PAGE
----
I have read the pro/anti milk arguments along with the pro/anti raw milk arguments. I have decided (well for now, until I see new info) to drink raw from my one trusted dairy. I have the perk of living in the Bay Area of Cali so raw milk is easy to come by. Not cheap, but its a luxury I rather enjoy.

    Espresso is another one I enjoy.. hopefully the rest of my healthy makes up for that unhealthy :)

    Desdemona wrote on November 4th, 2010
    • In the insect world, ants “milk” aphids.

      Motobu O. Samurai wrote on November 4th, 2010
      • Ahhh yes, I should know about those little guys. I don’t think they are milking what is made for aphid young though. I haven’t read much into it but I was under the impression it was a symboic (sorry, right word?) relationship created by evolution.

        Desdemona wrote on November 4th, 2010
        • I think the word you’re looking for is symbiosis or symbiotic relationship; that is true the “milk” isn’t for the aphid young, but it does demonstrate that consuming the secretions of another species does occur… and it is a source of nutrients for the ants just as much as milk is for us, the big question though is did the aphids always have the ants to “milk” them and why did the ants start doing this anyway after all they eat all kinds of insects but they don’t eat the aphids, interesting relationship.

          M. O. Samurai wrote on November 4th, 2010
  4. Great post. I’m against dairy. Regardless from the lactose it contains lectins, hormones and protease inhibitors.

    You mention fermented dairy products that contain no lactose. I looked for these products, but never found them.

    Hans wrote on November 5th, 2010
  5. I didn’t read all the comments (have to hurry up and get outside because I’ve been so lazy the last week) so somebody else might have mentioned what I’m going to talk about already. It’s how I think people first started drinking milk, based on modern evidence. I met a man who told me a story from when he was a kid in Jamaica, where he says there are still wild cows. He was out in nature with his dad and they spotted a lactating wild cow so his dad snuck up behind it where it couldn’t see him and started milking it, squirting the milk into his mouth straight from the udder. Apparently as long as the cow doesn’t see you and you milk it properly it will think you are its calf but if it does catch you sneaking up on it or if you milk it wrong causing it to feel pain it will kick. Anyways my guess is that before cows were ever domesticated this was the method used by inventive primitives for getting a quick drink of milk, maybe with a varying success rate.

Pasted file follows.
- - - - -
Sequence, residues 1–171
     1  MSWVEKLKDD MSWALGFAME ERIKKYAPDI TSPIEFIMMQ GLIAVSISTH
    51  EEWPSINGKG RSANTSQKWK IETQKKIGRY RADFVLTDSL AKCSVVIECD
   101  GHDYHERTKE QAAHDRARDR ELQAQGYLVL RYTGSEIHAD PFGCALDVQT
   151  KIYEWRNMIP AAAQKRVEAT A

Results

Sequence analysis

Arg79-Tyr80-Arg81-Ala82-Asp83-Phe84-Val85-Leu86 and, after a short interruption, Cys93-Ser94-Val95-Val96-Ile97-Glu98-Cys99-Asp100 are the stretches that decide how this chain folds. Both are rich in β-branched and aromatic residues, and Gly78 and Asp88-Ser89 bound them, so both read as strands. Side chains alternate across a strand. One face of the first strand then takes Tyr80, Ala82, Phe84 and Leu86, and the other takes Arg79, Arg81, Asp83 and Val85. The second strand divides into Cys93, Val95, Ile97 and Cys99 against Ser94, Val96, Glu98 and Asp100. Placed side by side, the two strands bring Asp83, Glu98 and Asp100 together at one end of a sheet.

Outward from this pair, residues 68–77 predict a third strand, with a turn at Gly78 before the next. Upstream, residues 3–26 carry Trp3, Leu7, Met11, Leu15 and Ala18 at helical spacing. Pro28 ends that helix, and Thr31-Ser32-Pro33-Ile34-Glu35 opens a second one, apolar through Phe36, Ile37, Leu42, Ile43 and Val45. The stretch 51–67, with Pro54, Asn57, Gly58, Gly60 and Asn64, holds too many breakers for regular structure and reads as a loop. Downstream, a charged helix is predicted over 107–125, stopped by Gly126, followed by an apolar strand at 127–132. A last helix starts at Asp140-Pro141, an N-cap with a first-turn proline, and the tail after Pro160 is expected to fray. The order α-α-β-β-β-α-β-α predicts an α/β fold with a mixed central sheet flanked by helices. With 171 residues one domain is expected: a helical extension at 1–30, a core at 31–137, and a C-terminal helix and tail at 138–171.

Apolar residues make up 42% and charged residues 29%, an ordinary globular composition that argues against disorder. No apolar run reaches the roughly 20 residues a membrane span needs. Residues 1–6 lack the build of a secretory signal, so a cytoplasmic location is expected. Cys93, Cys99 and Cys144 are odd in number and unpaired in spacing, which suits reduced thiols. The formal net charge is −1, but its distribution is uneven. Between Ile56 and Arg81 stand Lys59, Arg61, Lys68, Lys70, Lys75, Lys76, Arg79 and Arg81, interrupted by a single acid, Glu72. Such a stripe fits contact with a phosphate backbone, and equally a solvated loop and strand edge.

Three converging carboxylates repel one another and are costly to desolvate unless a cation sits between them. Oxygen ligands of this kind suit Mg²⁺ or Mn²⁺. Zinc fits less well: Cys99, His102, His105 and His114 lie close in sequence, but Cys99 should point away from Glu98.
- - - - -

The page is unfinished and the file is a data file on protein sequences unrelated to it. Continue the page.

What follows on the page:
Tim wrote on February 2nd, 2011
  6. How did we end up producing lactase when lactase is present in raw milk…
    Either way, glad we do :)

    Suvetar wrote on April 11th, 2011
  7. Milk is not, and never has been, a key source of Vitamin D.  You risk perpetuating a common misconception. Vitamin D was added to milk in the mid-1900s to prevent rickets.

    The facts:
    It does not occur in milk naturally; the amounts in milk have been shown to vary from those listed on the carton; and the amount of Vitamin D in milk is too low to prevent the diseases with which epidemiological studies have linked it, like cancer and MS.

    Sunlight and supplements. are necessary for optimal serum levels. 

    coriha wrote on January 6th, 2012
  8. With scientific testing indicating Casein to be one of the biggest triggers for cancer, it is also one of the biggest products to avoid. Why eat something that causes risk to your health?

    Ele wrote on October 28th, 2012
    • I’ve seen this in several vegan books/websites. Problem is, almost all of those books/websites are so totally biased against all animal products that I don’t trust them to have unbiased, truthful imformation–those of the “animal protein will kill you” school.

      shrimp4me wrote on December 25th, 2013
  9. I love milk, and I usually drink one or two 8 oz glasses of it per day. Whole milk is especially good. I’m sure it’s a complete coincidence, but since I switched to whole milk I’ve stopped getting acne (I used to get a few spots around that time of the month).

    Heda wrote on May 18th, 2013
  10. I love dairy :) I am like 25% Irish and probably an equal or greater amount English, the rest being small amounts of Dutch, Welsh, Scottish, etc. and also 1/64 Cuban! So, I definitely have a high probability of digesting dairy well, and turns out, I do! I only drink raw, local, grass-fed milk and cream, and I eat Kerrygold with every meal almost. It’s just in my genes to love dairy and my body loves it. I do have acne still but it’s way less severe than it used to be and I attribute it mostly to my lack of activity and lack of sunlight across my chest and back, where it seems to concentrate. If I’m at a gathering or event where there’s dishes with pasteurized cheese or something like that, I kind of just go for it and I’ve yet to have a reaction, so clearly my immune system is pretty resilient since going Primal. I’m lucky to have been breastfed, vaginally-birthed and also not exposed to heavy amounts of house cleaner and hand sanitizer and spent a lot of time outside. That stuff has a huge effect on the immune system regardless of how poor or great the Mom’s nutrition was. I think you should do a post on that kind of thing, how those early environmental factors affect our future health. Super interesting topic.

    Sam wrote on September 29th, 2014